Men’s cotton-linen jacket/pants ensemble + mesh t-shirt
Summer is nearly upon us and that means summer heat. Here in New York City, however, one can’t live just in shorts and tank tops: we’re a bit more formal (well, most of the time). The trick is to dress up in lightweight, all-natural fabrics.
I found this beautiful denim-colored cotton-linen blend at Mood Fabrics and picked up three yards without a specific project in mind. (You can see Mood’s wide assortment of linen blends here.)
It has a marvelous hand — crisper than pure linen and less prone to wrinkling, but still with lovely drape (especially after laundering). I decided to make a jacket and matching pants — perfect for now, as well as for hotter days ahead. The pattern I used, vintage Seventies Butterick 4362, is a variation on a men’s Eisenhower jacket, complete with wide waistband, patch pockets with inverted pleats and buttoned flaps, and back pleat.
For the pants, I used in-print Kwik Sew 3504, a men’s jeans pattern. I widened the leg a bit to give them more fullness (and drape) at the lower leg.
I made the t-shirt from cotton mesh (with gray cotton jersey trim) I purchased at Mood Fabrics last winter (when I was already dreaming of summer). I also made matching briefs, but I won’t be modeling them here (!).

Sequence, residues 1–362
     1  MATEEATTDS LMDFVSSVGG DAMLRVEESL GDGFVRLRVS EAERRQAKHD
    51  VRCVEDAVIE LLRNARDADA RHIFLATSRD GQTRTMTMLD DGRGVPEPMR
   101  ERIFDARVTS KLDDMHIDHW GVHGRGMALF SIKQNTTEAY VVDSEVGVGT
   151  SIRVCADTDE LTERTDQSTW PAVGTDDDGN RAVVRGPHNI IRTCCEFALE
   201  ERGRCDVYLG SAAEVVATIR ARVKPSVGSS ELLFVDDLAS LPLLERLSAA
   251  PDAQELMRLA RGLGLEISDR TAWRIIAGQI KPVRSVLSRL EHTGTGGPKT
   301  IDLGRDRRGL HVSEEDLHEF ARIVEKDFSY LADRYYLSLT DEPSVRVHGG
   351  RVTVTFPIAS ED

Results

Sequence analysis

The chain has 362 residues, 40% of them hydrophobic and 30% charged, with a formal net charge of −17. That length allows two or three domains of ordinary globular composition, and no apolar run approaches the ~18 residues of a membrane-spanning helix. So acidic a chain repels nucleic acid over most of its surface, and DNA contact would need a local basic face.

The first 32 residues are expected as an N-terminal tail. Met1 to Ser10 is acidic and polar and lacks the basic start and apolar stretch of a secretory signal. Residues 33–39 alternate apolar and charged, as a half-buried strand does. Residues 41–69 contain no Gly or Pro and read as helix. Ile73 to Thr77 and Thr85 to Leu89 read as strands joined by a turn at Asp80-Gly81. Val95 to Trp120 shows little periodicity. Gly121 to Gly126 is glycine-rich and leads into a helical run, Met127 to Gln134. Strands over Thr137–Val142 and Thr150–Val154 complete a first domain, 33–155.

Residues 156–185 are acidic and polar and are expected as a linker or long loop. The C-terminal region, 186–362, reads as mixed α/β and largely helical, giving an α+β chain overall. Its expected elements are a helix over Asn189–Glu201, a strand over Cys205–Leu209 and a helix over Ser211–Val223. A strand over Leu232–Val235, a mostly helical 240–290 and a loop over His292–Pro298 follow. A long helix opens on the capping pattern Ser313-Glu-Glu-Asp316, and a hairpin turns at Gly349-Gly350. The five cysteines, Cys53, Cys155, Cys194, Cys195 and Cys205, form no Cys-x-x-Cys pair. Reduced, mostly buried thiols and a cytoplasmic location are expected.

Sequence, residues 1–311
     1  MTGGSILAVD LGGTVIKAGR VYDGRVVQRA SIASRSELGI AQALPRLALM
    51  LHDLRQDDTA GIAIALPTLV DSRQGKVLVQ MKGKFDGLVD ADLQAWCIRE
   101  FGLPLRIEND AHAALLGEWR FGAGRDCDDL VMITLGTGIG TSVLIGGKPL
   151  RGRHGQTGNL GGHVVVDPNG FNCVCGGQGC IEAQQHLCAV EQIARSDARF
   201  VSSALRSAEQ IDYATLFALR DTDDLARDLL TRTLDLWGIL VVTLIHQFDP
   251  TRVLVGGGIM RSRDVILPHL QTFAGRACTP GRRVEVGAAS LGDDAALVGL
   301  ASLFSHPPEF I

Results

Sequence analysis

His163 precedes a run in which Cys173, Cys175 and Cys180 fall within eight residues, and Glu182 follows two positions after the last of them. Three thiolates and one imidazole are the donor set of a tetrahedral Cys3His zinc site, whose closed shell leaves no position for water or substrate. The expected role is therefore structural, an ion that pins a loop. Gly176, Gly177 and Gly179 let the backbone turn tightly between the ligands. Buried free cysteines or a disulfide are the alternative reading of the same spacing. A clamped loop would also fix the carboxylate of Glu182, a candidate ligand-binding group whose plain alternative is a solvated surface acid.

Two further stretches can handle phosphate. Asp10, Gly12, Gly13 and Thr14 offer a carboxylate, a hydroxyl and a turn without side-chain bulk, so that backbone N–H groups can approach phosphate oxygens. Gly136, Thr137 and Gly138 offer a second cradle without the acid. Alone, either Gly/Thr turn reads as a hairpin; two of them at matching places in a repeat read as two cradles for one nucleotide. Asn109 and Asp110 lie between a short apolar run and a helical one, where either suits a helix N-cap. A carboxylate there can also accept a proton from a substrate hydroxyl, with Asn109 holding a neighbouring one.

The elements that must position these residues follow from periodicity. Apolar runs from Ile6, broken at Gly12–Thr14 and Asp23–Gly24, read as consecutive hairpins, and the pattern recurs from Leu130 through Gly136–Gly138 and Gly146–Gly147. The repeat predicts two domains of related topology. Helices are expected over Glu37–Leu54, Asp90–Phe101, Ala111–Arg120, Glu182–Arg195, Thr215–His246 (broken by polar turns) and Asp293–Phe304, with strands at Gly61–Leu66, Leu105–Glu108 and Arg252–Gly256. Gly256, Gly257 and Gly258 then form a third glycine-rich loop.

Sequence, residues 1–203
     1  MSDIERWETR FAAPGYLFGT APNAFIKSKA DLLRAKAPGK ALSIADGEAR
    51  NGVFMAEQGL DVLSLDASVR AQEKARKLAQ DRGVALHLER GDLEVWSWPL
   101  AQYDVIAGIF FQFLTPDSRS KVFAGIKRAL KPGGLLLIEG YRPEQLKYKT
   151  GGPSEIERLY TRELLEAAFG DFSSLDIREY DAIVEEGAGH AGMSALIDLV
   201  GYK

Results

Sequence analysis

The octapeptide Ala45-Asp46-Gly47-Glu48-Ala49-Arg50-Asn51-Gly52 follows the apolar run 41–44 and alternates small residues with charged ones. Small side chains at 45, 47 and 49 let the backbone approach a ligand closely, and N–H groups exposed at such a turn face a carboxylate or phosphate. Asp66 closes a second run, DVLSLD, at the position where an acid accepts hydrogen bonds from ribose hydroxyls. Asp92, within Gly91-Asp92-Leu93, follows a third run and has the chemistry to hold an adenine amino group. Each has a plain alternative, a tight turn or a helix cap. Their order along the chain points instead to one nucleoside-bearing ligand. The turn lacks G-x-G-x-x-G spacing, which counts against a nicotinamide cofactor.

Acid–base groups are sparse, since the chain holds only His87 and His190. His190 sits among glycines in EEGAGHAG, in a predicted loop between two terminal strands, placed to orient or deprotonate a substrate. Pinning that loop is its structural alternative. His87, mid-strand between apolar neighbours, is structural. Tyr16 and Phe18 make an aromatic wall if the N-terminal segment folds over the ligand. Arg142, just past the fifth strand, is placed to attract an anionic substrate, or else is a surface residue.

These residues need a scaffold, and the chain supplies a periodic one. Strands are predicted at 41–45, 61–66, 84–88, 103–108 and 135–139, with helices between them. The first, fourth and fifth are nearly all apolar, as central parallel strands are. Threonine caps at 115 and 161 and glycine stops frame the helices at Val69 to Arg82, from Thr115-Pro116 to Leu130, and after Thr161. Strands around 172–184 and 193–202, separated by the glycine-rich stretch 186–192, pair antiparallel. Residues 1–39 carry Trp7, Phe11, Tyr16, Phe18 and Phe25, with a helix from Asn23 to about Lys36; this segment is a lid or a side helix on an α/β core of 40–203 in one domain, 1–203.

I also purchased my jacket buttons at Mood — they have an excellent selection. (Check out Mood’s button department here.)
This outfit wasn’t difficult to make, although the jacket required more hand sewing (inside yoke, facings) than I normally do. The fabric was a pleasure to work with.
Best of all, this summery fabric truly breathes. It was already over 80 degrees out the morning of our shoot and I felt as cool as can be!
The jacket definitely has a Seventies feel (I chose not to narrow the wide collar) but I love it. Worn with the matching pants, this outfit also suggests a men’s jumpsuit (or coveralls).
The beauty, of course, is that these pieces also work great worn separately. I realize it’s rare to see men wear matching tops and bottoms these days unless they’re part of a standard suit; maybe it’s time to revive this somewhat retro look!
What do you think: too “matchy-matchy” or just right?
PS – Notice how a monochromatic outfit can make a short person look TALL (ish) — yippee!
Thanks for reading!